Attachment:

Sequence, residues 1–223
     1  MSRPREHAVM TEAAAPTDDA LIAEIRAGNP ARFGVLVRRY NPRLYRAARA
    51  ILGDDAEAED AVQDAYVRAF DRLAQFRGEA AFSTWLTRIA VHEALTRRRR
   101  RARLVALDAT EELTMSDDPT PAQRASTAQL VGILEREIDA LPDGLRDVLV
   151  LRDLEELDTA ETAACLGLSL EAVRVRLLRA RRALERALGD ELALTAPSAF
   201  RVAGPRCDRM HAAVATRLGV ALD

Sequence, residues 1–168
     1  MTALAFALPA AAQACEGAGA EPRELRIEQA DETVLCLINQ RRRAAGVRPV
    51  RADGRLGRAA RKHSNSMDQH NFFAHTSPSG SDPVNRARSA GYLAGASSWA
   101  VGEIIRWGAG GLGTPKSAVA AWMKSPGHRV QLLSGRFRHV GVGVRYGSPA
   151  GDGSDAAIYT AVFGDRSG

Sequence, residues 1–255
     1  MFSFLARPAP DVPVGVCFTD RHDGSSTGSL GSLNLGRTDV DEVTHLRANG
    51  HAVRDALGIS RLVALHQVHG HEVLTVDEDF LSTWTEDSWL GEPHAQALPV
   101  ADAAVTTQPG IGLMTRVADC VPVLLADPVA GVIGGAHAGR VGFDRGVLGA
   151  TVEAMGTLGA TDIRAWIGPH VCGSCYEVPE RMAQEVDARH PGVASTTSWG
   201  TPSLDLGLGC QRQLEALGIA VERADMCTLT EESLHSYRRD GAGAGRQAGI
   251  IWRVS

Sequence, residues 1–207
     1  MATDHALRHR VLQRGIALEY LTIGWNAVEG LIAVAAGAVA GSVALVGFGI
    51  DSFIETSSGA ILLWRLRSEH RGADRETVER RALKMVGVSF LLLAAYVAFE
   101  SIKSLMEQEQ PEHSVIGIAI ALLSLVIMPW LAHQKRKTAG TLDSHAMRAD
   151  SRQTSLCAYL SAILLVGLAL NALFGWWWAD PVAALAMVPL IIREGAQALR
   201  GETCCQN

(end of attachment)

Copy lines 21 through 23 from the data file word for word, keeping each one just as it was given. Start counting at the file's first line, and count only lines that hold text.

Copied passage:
    51  DSFIETSSGA ILLWRLRSEH RGADRETVER RALKMVGVSF LLLAAYVAFE
   101  SIKSLMEQEQ PEHSVIGIAI ALLSLVIMPW LAHQKRKTAG TLDSHAMRAD
   151  SRQTSLCAYL SAILLVGLAL NALFGWWWAD PVAALAMVPL IIREGAQALR